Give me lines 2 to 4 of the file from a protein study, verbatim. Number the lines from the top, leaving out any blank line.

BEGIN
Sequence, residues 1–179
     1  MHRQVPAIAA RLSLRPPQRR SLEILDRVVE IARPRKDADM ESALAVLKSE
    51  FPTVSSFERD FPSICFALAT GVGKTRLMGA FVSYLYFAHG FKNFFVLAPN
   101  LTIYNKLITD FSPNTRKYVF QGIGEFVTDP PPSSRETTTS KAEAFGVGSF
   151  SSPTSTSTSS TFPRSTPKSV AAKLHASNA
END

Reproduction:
     1  MHRQVPAIAA RLSLRPPQRR SLEILDRVVE IARPRKDADM ESALAVLKSE
    51  FPTVSSFERD FPSICFALAT GVGKTRLMGA FVSYLYFAHG FKNFFVLAPN
   101  LTIYNKLITD FSPNTRKYVF QGIGEFVTDP PPSSRETTTS KAEAFGVGSF